Tamagotchi Party On! (Wii)

Tamagotchi Party On! review (WII)

Reviewed on June 11, 2007

The mini-games in Tamagotchi: Party On! are entertaining at first, but quickly grow tiresome because of the frequency with which they are repeated. You might play the same one three or four times in a single round of default length, which certainly isn’t optimal.
Mortal Kombat: Armageddon (Wii)

Mortal Kombat: Armageddon review (WII)

Reviewed on June 09, 2007

One woman with bright purple spandex starts to feel pretty much like the next, with only the moves defining the two. Switching between fighting styles doesn’t feel as remarkable as it did when it debuted in Mortal Kombat: Deadly Alliance, either. Nothing seems distinct, not even battle arenas.
Secrets of the Ark: A Broken Sword Game (PC)

Secrets of the Ark: A Broken Sword Game review (PC)

Reviewed on June 06, 2007

If it were a movie, Secrets of the Ark would be an “Indiana Jones” picture. It would be a huge success and earn a lot of money at the box office because it wouldn’t interrupt itself with inane puzzles the viewer had to solve. Secrets of the Ark feels like that movie, but you have to put up with sheer torture to watch each scene unfold.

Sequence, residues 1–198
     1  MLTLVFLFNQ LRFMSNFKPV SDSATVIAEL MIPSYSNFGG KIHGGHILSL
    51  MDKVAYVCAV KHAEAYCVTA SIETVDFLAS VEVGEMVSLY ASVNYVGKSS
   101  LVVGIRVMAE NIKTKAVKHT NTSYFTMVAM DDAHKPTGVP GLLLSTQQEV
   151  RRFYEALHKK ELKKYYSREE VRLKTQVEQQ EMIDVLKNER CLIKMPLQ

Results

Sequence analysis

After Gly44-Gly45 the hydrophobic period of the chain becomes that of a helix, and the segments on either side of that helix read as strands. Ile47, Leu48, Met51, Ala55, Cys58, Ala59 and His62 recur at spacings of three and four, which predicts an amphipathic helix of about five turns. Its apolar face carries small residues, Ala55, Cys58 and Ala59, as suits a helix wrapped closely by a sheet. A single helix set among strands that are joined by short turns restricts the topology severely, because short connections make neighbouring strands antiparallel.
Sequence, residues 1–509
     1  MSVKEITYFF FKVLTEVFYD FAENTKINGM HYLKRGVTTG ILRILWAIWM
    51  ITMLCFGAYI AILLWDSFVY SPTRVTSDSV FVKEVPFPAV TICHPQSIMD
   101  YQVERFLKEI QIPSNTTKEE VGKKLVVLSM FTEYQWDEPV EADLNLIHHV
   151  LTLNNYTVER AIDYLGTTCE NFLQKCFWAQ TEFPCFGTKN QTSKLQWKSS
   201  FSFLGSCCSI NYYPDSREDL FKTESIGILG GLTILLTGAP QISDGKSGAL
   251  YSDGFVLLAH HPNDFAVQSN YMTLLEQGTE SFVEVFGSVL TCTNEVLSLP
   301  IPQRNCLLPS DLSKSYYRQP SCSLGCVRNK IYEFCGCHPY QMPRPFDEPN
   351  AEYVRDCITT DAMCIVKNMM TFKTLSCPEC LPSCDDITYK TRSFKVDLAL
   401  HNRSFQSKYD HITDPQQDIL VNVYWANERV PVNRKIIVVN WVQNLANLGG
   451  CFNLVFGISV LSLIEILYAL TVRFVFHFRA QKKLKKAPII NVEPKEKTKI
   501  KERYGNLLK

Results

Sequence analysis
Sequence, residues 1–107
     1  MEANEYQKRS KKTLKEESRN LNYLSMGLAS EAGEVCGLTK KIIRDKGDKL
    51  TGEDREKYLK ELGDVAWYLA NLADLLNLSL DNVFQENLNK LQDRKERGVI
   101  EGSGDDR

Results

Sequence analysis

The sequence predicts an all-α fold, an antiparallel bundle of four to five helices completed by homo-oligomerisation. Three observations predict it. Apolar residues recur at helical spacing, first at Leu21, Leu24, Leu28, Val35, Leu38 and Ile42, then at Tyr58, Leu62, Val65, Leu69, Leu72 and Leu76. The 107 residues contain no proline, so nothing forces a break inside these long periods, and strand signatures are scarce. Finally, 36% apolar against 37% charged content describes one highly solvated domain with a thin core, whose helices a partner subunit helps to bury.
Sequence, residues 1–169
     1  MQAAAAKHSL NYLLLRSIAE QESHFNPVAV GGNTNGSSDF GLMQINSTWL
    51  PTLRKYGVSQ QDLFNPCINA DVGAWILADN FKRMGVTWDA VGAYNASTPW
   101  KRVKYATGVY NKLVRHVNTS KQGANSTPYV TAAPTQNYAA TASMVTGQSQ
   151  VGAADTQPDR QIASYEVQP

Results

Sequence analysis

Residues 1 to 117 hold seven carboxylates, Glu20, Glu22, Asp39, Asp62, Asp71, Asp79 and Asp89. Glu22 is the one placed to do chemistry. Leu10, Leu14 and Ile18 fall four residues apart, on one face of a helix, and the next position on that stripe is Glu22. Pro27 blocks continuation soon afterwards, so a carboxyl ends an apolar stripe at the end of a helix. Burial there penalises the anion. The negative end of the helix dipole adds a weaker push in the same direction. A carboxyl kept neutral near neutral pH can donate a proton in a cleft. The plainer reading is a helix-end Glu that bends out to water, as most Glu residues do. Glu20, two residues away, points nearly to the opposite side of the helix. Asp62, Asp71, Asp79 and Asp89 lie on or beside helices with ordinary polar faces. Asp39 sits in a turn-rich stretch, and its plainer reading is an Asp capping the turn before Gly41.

Doushin: Same Heart (PC)

Doushin: Same Heart review (PC)

Reviewed on May 29, 2007

You've probably played games in the past where you made a choice and were greeted by hours of dialogue and suddenly found yourself thinking woefully that somehow, somewhere, you were missing out on an orgy. Not so here! Now you simply click to jump to one of the other sisters. If no one around her seems randy, well, click to the other. Surely, a zipper is dropping somewhere.
SNK vs. Capcom: Card Fighters DS (DS)

SNK vs. Capcom: Card Fighters DS review (DS)

Reviewed on May 24, 2007